Don and Betty
Don prepares breakfast in bed for Betty for Mother’s Day. He steps on a skate (or some other wheeled toy) and falls down the stairs. He flashes back to falling down the stairs the day Adam was born.

Later that night, the Drapers come home from a Mother’s Day celebration with sleeping kids and balloons in their arms. In bed that night, Don reads “The Best of Everything” and is fascinated. They discuss Joan Crawford, and another allusion to Salvatore’s gayness is made (he “couldn’t stop talking about” Crawford). Betty talks about her fear of growing old. They cuddle. She reminisces about her mother, but Don resists expressions of “melancholy.” Don is suspicious of Dr. Wayne, who is allowing Betty the room to mourn, and Betty defends him.

Betty tells Don she desires him constantly. They make love.

The next morning, Don meets with representatives of Olympic Cruise Lines and the Israeli Ministry of Tourism, hoping to promote Israel as a resort destination. They hand Don a copy of “Exodus” to read.

At work the next day, Don studies Holocaust pictures, then meets with Paul, Sal, and Pete. They discuss Israel, still stuck. After the guys leave, Don calls Rachel.

In bed that night, Don reads “Exodus” and Betty tells Don that the first boy she kissed was Jewish. She tells the story and then kisses Don ardently, but he puts her off.

The next day, Don meets Rachel for lunch and asks her about Judaism. He holds her hand, and for a moment she allows it. She says the first place Jews were exiled was Babylon, and they discuss Utopia.

Don visits Midge that night and immediately grabs her and starts making out intensely. There’s a knock at the door. Midge’s beatnik friend Roy comes in and kisses her. She introduces the men. Roy wants to go to The Gaslight to hear their friend Ian; all three go.

At The Gaslight, Roy and Don spar verbally, Roy criticizing Don for “perpetuating the lie.” Midge suggests it’s a pissing match. A beatnik reads the society page, then another recites a poem, then their friend Ian’s group sings “Waters of Babylon.”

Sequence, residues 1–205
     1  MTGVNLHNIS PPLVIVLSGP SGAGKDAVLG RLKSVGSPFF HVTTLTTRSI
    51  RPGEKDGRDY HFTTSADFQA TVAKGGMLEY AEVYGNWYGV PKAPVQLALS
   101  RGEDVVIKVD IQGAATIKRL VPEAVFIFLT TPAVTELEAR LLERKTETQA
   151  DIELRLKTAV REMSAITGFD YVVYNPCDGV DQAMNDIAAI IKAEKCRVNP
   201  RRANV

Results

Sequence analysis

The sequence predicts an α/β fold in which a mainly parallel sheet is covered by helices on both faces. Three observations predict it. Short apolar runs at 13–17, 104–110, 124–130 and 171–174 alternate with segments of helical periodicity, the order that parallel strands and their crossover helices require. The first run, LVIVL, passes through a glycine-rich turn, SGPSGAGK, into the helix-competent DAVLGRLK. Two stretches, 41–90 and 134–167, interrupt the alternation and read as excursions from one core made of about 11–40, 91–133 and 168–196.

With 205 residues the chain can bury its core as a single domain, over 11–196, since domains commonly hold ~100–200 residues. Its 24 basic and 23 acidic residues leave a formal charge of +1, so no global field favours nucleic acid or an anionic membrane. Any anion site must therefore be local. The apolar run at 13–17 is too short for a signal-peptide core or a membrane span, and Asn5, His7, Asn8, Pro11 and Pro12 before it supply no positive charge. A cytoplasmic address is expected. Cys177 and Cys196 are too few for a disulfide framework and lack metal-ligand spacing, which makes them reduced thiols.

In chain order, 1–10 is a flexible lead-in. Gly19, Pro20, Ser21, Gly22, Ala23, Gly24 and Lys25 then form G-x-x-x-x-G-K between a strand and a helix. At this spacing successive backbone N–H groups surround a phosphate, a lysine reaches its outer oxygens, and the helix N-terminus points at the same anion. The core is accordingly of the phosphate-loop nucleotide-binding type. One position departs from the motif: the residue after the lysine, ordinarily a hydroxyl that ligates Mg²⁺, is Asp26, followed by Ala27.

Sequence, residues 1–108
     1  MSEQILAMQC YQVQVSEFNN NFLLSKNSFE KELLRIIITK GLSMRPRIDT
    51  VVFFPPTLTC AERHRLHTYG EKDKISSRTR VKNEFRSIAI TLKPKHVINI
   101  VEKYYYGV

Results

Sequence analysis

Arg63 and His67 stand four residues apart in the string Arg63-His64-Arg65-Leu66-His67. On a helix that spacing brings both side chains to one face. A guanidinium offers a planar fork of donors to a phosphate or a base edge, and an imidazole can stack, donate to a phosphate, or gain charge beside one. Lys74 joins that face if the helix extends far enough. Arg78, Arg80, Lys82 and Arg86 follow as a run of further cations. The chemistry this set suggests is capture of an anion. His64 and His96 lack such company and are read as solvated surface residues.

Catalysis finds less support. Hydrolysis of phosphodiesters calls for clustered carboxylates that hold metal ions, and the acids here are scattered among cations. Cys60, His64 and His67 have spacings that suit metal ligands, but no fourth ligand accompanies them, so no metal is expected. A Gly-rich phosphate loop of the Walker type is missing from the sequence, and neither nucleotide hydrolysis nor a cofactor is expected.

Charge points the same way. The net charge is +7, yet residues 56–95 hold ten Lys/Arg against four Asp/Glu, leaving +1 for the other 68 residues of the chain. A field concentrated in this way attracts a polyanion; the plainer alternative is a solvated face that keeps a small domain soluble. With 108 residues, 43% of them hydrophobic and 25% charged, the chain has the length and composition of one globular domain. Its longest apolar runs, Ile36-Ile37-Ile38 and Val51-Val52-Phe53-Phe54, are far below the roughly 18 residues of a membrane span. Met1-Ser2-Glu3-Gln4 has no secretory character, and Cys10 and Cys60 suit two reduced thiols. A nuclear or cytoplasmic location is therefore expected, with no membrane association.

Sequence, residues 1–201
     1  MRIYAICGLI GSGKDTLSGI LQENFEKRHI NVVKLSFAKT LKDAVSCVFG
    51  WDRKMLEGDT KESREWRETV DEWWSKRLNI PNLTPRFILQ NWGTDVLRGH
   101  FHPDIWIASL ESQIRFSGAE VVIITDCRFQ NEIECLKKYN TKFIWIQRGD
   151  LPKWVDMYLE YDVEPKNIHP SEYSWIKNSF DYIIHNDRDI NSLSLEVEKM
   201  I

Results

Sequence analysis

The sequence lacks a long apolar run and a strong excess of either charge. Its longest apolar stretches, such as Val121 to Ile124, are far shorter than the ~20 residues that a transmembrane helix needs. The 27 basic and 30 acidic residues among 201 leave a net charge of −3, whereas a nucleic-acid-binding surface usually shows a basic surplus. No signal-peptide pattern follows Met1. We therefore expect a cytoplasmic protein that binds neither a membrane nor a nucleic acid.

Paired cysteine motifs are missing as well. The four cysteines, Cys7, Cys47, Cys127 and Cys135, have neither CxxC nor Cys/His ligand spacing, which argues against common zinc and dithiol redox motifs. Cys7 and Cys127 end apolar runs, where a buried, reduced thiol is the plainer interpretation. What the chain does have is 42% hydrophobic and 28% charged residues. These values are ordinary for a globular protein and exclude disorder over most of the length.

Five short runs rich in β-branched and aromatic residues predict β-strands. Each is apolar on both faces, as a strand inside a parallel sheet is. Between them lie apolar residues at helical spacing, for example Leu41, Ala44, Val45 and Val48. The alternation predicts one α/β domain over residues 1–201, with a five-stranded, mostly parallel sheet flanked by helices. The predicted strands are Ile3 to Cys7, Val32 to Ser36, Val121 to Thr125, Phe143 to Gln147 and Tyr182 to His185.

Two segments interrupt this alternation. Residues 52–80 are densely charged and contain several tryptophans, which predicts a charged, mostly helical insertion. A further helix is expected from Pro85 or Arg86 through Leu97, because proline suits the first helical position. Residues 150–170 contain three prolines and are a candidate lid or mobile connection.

Roger’s wife and daughter, Mona and Margaret, visit the office. Mona wants to get Margaret a fashionable haircut and wants advice from the women in the office. Joan makes an appointment.

In bed, Roger complains about Margaret’s aimlessness. It’s then revealed he’s talking to Joan, who is getting dressed: They’re in a hotel. Roger wants Joan to have her own place. He says he’s “tired of all the sneaking around.” But Joan says he loves it, and she is happy with her roommate, Carol. Rogers suggests replacing Carol with a bird. They make love again.

Back at the hotel, Roger has brought Joan a bird. She makes him cover the cage before they make love.

Ken and Sal meet with Freddy (whose name is given later) about the Belle Jolie lipstick campaign. They’re stumped, so they set up a test group. Joan brings all the office women to test Belle Jolie lipsticks, while the men watch through one-way glass.

The men ogle and joke. They notice that Peggy isn’t participating. When the test ends, Peggy gets the discarded tissues so that the marketers can figure out which lipsticks were used, and says, “Here’s your basket of kisses.” Freddy thinks someone must have told her that phrase, assuming she isn’t clever enough to have come up with it herself. Freddy ends up impressed by Peggy’s insight.

Freddy discusses Peggy with Don and they agree she has abilities they hadn’t guessed at. They send Joan to tell her that “Mr. Rumsen” (Freddy, it seems) wants her to write Belle Jolie copy. There is no raise and it is on her own time, in addition to her other duties. Peggy is grateful.

After lunch with Don, Rachel calls her sister and obliquely discusses Don.

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